There are countless stories of those who lost sight of their integrity just to make an extra buck. There are Insider traders.
Unfair business leaders. Political public servants who use their station to “get ahead” rather than help the people they govern.
You must protect your integrity or everything you achieve in this life will taste of gravel and leave you wanting.
2. Your peace
No matter what you’re facing or trying to accomplish in your life or business – your odds of hitting paydirt are a lot better if you protect your peace.
We’ve all met someone who seems chronically unhappy. They are stressed in the morning and stressed in the evening.
They have no sense of gratitude of where they’ve come from or the fact that they’re alive.
You don’t want to be this person. All of us will be tempted to be this person, though. And don’t think you’re above it simply because you aren’t driven by money.
Some of the unhappiest people I know, people who have lost their peace entirely, don’t even care about money – they care about status.
Or they’re obsessed with what people think about them. The greatest thief of your peace will be insecurity, so deal with it now rather than later.
3. Your family
In 2016 I was on a walk with my wife in our little apartment park. It was the end of summer, and the air was still humid and hot even though the sun was about to go down. I told her that I was scared.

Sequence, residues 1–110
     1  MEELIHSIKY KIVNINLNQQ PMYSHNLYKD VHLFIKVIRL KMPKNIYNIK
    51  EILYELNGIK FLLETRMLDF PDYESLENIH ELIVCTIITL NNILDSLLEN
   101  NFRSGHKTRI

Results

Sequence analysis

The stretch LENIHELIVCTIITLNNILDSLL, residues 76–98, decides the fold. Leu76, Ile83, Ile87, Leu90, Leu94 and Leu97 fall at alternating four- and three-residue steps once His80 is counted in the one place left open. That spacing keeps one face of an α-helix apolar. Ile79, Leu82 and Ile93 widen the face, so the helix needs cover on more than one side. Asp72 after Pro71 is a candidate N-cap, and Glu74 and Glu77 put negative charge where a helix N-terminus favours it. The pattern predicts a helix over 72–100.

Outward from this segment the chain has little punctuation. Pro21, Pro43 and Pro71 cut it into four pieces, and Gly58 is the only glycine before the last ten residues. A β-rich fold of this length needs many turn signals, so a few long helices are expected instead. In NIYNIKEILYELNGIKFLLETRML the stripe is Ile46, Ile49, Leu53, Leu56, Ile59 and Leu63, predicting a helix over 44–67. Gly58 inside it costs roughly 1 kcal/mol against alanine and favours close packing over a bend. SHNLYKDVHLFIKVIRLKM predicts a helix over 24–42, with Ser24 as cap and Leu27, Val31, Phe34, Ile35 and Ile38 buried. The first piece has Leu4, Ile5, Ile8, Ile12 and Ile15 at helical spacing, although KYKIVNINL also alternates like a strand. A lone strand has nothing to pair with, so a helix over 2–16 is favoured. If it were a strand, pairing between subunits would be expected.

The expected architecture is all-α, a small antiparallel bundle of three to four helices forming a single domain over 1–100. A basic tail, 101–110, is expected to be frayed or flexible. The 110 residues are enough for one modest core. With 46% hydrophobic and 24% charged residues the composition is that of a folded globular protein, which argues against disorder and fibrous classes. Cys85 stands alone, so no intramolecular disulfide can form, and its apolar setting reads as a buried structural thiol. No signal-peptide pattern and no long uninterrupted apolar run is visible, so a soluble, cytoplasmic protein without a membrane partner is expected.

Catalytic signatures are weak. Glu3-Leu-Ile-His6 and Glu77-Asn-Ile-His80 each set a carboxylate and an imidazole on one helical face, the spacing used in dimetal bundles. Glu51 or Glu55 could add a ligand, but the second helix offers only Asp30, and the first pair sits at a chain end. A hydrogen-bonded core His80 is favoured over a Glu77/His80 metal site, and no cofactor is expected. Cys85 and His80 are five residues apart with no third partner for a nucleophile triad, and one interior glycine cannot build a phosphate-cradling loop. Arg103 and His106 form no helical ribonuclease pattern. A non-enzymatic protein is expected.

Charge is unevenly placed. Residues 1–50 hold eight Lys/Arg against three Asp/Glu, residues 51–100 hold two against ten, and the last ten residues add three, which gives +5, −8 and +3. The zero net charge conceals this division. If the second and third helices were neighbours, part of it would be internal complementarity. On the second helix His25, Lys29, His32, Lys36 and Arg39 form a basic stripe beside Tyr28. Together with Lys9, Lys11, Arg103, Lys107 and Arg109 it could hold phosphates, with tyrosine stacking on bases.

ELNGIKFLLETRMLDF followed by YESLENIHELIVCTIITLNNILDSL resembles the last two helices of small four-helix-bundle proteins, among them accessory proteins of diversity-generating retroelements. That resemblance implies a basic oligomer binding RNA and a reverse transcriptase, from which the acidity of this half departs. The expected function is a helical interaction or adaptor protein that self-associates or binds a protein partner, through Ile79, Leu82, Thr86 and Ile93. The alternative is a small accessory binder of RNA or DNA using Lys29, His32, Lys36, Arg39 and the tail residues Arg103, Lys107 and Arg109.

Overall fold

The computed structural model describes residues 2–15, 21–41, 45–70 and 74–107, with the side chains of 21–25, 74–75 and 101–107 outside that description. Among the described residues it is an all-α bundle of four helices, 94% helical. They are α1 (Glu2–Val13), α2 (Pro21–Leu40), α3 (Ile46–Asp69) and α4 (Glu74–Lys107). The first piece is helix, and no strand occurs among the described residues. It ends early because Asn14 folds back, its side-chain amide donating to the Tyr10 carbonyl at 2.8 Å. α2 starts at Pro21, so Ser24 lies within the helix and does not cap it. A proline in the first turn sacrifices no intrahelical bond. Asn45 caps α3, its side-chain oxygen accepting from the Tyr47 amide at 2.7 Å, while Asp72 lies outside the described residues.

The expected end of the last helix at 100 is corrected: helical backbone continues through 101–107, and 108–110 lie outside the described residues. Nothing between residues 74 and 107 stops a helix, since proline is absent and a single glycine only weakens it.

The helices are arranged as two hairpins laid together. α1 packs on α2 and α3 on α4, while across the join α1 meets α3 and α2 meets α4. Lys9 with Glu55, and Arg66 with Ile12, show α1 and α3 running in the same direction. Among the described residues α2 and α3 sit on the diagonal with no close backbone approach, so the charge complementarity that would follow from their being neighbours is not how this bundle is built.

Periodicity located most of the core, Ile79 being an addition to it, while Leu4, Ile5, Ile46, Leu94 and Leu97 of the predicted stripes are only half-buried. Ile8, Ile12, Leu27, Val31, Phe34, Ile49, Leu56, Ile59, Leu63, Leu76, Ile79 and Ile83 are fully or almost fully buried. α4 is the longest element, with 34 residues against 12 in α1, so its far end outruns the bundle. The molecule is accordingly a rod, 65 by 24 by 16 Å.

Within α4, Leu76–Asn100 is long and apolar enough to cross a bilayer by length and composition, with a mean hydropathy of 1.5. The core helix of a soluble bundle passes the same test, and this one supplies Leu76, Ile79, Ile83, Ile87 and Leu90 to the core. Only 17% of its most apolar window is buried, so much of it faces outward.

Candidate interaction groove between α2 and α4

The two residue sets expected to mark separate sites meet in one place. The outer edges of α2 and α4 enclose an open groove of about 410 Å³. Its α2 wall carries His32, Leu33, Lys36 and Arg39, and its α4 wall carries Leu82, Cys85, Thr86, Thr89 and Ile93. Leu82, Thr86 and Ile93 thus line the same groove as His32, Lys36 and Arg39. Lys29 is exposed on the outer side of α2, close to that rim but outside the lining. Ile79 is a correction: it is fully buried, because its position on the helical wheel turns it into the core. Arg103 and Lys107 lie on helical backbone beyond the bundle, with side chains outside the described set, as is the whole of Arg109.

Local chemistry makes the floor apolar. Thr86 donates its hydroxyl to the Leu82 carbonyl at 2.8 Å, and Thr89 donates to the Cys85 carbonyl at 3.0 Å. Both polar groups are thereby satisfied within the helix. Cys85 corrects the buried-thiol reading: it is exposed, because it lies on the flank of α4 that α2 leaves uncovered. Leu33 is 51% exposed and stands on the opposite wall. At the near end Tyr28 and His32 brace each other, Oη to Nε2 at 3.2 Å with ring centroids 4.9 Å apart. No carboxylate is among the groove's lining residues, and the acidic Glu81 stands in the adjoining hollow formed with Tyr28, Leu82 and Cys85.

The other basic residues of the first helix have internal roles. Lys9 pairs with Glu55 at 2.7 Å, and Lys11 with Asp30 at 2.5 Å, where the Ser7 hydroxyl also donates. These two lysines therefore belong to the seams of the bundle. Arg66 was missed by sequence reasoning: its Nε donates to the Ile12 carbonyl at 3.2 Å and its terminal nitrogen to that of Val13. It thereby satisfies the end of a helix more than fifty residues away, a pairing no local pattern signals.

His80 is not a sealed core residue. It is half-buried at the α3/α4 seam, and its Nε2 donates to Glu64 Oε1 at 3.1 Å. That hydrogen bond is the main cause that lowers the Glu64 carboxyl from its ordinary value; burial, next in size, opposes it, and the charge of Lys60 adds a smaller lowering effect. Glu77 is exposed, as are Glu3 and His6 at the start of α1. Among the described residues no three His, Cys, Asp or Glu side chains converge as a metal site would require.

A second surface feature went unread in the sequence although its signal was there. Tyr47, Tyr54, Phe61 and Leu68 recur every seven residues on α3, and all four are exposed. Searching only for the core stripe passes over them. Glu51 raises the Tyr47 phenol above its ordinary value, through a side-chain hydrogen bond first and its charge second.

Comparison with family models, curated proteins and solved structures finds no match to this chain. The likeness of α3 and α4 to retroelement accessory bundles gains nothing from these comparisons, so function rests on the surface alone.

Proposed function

My career had started to take off, and I didn’t want to be like so many people that I’ve studied who have gotten famous, or rich, and then lost their family.
Ultimately, I was at a crossroads: if achieving lasting wealth was going to come at the cost of my family, I was ready to slow down and choose mediocrity so that I didn’t have to choose between money and family.
It was a false dichotomy, and I just didn’t have the maturity at the time to know it. You can have both, but you have to focus on what’s most important and not let things get out of priority.
Now I am a father, and I can tell you that there is nothing I would trade for the relationship I have with my daughter or my wife.
At the end of my life, I’m sure I’ll have things that I would change. But I’m going to avoid the big regrets.
I’m going to go for it when I’m passionate about something. I’m going to treat people with kindness even if I disagree with them or what they’re saying.
I’m not going to miss out on my daughters most formative years just because I have clients to take care of. I’m going to date my wife even though we’re already married.
I will give money away even before I feel like I have hit all my goals.
Your life is a sum reflection of your choices. Sometimes, our error is that we underestimate the power of little choices and overestimate how much time we have left to make them.
Some things are worth it. But the variable that makes it so is the timeline.
There are things in my life that I’d like to get, eventually, that would absolutely cost “too much” if I achieved them too soon. The key here is knowing your allowable cost and sticking to it.
I’ll have a billion worth of assets, eventually. But not too soon…
I am not willing to do what is required to make that happen next year, or the year after, or the year after that. To make sure I hit my priorities, in order, I will let time take its course.
Some battles are worth winning… but winning them too soon will cost you the war.